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The world should learn from the Ebola crisis to combat MERS in Saudi Arabia

EDITORIAL, THE WASHINGTON POST                                                                      Feb. 27, 2015

A DISEASE outbreak has a source and a pathway for transmission, but both can be exceedingly difficult to discover. Middle East respiratory syndrome, or MERS, is surging anew in Saudi Arabia and raising familiar questions: Where is this coronavirus coming from and how is it spreading?


A man wearing a mask looks on as he stands in front of camels at a camel market in the village of al-Thamama near Riyadh May 11, 2014. Saudi Arabia said people handling camels should wear masks and gloves to prevent spreading Middle East Respiratory Syndrome (MERS), (Faisal Al Nasser/Reuters)

There is growing evidence that the natural reservoir of MERS, which first appeared in 2012, is dromedary camels, and last year’s peak in the spring seemed to coincide with the weaning period of camel calves. A new seasonal oscillation may be starting now. But there are worrisome and unexplained gaps in recent case reports.

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Ebola: Sierra Leone village in lockdown after 31 new cases recorded

THE GUARDIAN by Lisa O'Carroll                         Feb. 27, 2015

Efforts to beat Ebola in Sierra Leone have been dealt a setback after 31 new cases were recorded in one village.

                            Red Cross healthcare workers. 

The community of 500 just outside the town of Makeni has now been put in lockdown by the army amid fears that more could be infected.

The World Health Organisation said cases have been linked to one man who escaped a quarantine in Freetown to go home to his village to get treatment from a traditional faith healer.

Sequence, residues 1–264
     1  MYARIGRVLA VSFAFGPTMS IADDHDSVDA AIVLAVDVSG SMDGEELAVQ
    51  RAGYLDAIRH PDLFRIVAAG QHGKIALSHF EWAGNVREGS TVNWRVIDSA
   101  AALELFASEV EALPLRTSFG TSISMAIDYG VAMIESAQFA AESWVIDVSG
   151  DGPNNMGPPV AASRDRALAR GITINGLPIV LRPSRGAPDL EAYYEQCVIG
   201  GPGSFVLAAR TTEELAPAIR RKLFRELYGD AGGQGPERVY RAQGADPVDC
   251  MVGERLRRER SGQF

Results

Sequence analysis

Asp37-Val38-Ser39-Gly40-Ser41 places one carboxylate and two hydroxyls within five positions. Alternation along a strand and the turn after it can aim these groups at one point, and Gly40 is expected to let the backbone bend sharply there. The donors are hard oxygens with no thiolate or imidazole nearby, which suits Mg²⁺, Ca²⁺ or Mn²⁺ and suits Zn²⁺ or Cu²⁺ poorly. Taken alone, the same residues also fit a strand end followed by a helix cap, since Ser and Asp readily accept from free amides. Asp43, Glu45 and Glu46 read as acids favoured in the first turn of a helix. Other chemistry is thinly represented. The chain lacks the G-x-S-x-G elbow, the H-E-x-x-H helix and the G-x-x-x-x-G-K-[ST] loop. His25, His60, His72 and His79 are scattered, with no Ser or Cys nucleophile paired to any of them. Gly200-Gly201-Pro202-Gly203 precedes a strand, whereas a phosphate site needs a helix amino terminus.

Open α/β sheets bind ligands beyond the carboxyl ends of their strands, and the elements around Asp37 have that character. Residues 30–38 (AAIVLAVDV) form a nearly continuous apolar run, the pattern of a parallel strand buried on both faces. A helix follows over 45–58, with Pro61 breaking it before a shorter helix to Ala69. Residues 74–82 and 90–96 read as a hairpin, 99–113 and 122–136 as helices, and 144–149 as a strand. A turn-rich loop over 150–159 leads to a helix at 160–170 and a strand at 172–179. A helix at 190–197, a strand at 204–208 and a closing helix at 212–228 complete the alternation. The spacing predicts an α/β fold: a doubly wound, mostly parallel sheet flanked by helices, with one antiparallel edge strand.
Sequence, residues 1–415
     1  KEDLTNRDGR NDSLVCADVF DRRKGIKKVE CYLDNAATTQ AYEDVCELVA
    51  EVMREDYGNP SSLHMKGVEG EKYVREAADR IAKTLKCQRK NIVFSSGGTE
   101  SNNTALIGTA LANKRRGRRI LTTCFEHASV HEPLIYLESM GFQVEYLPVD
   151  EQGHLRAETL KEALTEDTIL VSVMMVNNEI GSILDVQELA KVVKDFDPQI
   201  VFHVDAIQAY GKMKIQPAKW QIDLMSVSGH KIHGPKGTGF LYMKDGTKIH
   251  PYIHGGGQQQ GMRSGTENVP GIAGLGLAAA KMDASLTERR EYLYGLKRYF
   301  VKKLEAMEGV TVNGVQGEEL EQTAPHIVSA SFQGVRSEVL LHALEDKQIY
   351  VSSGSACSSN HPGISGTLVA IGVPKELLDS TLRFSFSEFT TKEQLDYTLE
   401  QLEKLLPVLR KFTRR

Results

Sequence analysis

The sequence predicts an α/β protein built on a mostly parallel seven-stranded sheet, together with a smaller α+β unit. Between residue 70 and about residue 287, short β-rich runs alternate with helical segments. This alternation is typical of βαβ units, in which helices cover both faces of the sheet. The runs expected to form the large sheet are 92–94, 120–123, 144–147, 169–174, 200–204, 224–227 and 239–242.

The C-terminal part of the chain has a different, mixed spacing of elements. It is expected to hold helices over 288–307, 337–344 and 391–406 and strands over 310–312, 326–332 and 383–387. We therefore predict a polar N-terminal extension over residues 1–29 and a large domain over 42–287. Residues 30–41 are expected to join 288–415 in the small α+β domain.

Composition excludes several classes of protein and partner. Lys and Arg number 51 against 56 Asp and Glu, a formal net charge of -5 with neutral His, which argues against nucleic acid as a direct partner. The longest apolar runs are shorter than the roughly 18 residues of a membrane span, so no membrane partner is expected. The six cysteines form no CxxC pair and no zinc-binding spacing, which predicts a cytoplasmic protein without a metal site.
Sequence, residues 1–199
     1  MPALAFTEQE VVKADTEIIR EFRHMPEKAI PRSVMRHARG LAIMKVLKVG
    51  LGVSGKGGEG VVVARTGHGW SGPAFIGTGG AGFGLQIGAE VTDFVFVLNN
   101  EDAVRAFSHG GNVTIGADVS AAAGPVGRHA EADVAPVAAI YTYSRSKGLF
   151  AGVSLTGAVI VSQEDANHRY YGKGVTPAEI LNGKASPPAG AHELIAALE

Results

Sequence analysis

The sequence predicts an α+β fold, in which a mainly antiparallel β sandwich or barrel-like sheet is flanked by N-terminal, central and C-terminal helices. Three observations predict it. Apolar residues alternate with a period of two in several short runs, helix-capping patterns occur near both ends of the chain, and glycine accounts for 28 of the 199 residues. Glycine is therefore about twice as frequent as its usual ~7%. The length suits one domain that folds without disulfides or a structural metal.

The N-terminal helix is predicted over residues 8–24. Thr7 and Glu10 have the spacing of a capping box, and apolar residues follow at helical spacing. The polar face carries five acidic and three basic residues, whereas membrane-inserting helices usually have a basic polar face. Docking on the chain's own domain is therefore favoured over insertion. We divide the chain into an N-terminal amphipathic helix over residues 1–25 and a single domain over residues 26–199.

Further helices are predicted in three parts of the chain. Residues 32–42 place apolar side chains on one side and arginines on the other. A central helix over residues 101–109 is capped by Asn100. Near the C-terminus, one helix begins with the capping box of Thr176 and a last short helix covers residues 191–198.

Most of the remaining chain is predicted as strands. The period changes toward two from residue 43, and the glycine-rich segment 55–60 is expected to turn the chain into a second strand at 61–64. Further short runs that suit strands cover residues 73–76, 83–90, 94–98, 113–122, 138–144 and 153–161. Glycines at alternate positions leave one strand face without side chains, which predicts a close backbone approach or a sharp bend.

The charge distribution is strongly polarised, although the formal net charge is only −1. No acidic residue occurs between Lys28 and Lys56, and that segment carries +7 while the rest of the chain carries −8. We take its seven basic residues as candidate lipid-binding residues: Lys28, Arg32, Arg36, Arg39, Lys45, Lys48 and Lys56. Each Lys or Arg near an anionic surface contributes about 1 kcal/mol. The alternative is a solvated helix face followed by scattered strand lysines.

The quarantine area is a fishing community, yards from the hotel where many of humanitarian agencies have stayed.

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Ebola halts HIV progress in Sierra Leone, says UN

Thomson Reuters Foundation by Misha Hussain                                                        Feb.27, 2015

 DAKAR -- The West African Ebola outbreak has halted progress in tackling HIV in Sierra Leone, shutting health clinics and scaring patients from being tested or seeking treatment, the United Nations has said.

In an internal document seen by the Thomson Reuters Foundation, the United Nations Development Programme (UNDP) raised concerns that HIV prevalence and drug resistance in the country could increase as a result.

"Hospitals have closed down because they have been overrun by Ebola patients and non-Ebola patients are too afraid to go to them for fear of catching the virus," said Hakan Bjorkman, who manages UNDP's AIDS programme.

"HIV prevention activities in schools and awareness raising for the general population has been suspended due to the restriction of movement, the closure of all education institutions and the overall ban on public gathering."

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Please Don't Let An Earthquake Hit When I'm In The Shower

A bicyclist passes a home damaged in a 2011 earthquake at Bhaktapur, some 7 miles southeast of Kathmandu. Prakash Mathema /AFP/Getty Images